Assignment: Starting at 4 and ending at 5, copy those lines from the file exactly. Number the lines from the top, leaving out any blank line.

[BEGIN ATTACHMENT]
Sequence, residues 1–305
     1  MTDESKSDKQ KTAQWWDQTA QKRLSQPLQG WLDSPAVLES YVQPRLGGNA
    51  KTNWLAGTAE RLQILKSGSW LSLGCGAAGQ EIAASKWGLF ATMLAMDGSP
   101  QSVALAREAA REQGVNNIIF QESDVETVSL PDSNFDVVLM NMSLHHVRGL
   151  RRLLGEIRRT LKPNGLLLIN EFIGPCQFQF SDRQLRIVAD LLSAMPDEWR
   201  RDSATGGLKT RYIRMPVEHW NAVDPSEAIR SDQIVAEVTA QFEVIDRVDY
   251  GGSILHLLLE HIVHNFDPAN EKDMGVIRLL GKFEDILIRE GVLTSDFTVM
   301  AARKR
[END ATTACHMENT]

   101  QSVALAREAA REQGVNNIIF QESDVETVSL PDSNFDVVLM NMSLHHVRGL
   151  RRLLGEIRRT LKPNGLLLIN EFIGPCQFQF SDRQLRIVAD LLSAMPDEWR